Sally Mauk

News Director Emeritus

Retired in 2014 but still a presence at MTPR, Sally Mauk is a University of Kansas graduate and former wilderness ranger who has reported on everything from the legislature to forest fires. She also taught broadcast writing and reporting in the University of Montana journalism school.

Ways To Connect

William Marcus

The former campaign manager for President Barack Obama, Jim Messina, was in Missoula over the weekend to deliver the commencement address to his alma mater, the University of Montana.

John and Sue Talbot

Missoulians John and Sue Talbot will receive Honorary Doctorates of Humane Letters at the University of Montana commencement ceremony tomorrow.

photo courtesy Kate Kendall

U.S.G.S. research ecologist Kate Kendall has been studying grizzly bears for over 30 years and done groundbreaking research into the grizzlies that live in the Northern Continental Divide Ecosystem.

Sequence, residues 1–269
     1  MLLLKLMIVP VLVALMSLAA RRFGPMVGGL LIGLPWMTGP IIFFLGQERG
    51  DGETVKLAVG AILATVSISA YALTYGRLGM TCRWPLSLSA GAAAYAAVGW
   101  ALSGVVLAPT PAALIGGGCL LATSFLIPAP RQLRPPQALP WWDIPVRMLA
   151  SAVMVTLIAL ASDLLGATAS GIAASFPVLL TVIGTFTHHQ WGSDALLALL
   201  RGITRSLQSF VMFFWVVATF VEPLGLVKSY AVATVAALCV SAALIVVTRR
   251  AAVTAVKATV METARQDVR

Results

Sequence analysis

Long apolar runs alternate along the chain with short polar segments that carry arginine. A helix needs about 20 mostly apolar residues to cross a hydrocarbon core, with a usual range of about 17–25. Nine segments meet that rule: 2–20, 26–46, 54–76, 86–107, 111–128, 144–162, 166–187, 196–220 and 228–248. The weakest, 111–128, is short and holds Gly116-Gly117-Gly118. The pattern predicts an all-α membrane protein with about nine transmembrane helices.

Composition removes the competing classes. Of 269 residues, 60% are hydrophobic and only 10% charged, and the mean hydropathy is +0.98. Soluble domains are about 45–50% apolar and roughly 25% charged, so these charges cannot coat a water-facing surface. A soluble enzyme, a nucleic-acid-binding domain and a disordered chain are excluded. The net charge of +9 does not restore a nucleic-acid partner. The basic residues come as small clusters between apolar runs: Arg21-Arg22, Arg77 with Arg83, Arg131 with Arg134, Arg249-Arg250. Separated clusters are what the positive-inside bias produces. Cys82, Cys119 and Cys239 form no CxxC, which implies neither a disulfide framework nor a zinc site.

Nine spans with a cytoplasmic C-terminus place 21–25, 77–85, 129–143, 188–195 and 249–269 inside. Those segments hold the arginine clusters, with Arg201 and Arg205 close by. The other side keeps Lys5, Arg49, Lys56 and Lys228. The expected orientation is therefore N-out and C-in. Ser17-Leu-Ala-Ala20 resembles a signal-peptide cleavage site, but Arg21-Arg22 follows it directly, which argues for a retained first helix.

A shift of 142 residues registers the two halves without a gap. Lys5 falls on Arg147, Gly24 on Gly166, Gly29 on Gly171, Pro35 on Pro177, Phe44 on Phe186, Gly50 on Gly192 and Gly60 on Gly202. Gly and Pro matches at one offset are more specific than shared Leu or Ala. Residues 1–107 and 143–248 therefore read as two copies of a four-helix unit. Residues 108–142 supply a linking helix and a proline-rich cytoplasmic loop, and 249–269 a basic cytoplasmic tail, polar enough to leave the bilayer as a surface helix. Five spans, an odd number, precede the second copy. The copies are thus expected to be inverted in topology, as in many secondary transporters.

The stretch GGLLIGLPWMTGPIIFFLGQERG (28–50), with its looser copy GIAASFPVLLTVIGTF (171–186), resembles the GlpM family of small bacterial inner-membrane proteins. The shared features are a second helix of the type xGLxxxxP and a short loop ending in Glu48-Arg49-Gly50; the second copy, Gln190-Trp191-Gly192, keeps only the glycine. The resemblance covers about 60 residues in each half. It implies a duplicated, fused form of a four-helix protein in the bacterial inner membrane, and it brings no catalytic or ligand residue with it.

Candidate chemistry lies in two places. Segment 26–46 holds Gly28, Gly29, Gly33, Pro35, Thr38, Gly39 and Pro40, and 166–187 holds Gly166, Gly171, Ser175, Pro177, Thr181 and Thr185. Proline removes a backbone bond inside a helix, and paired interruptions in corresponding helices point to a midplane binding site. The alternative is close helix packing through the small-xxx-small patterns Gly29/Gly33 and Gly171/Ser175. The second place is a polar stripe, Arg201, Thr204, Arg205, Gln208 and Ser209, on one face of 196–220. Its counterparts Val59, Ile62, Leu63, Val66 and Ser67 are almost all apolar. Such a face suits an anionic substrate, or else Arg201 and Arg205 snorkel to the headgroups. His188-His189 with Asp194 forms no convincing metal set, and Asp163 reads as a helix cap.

Courtesy Fort Missoula Historical Museum

Fort Missoula has undergone several incarnations since it was built in the late 19th century. Tate Jones, the Executive Director of the Rocky Mountain Museum of Military History, has a new book out that gives a pictorial history of the fort.

In this feature interview, Jones talks with News Director Sally Mauk about that colorful history - everything from the fort's involvement in the Battle of the Big Hole to the internment of Japanese civilians during World War II. The fort was created in 1877.

Sally Mauk

Our warm temperatures are forecast to last through the weekend, and that means rivers and streams will continue to quickly rise. LeeAnn Allegretto of the National Weather Service says the biggest flooding threat currently is in Lincoln and Flathead counties.

“Right now the only river that may reach flood stage is the Yaak river near Troy,” said Allegretto.”But the Flathead river and all its branches will also see dramatic rises.”

A warm weekend makes it tempting to want to get out onto the rivers, but Allegretto recommends resisting the temptation.

Sally Mauk

  Civil rights attorney and co-founder of the National Innocence Project Peter Neufeld and others have been instrumental in winning the freedom of over 300 people wrongly convicted of crimes, through the use of DNA evidence.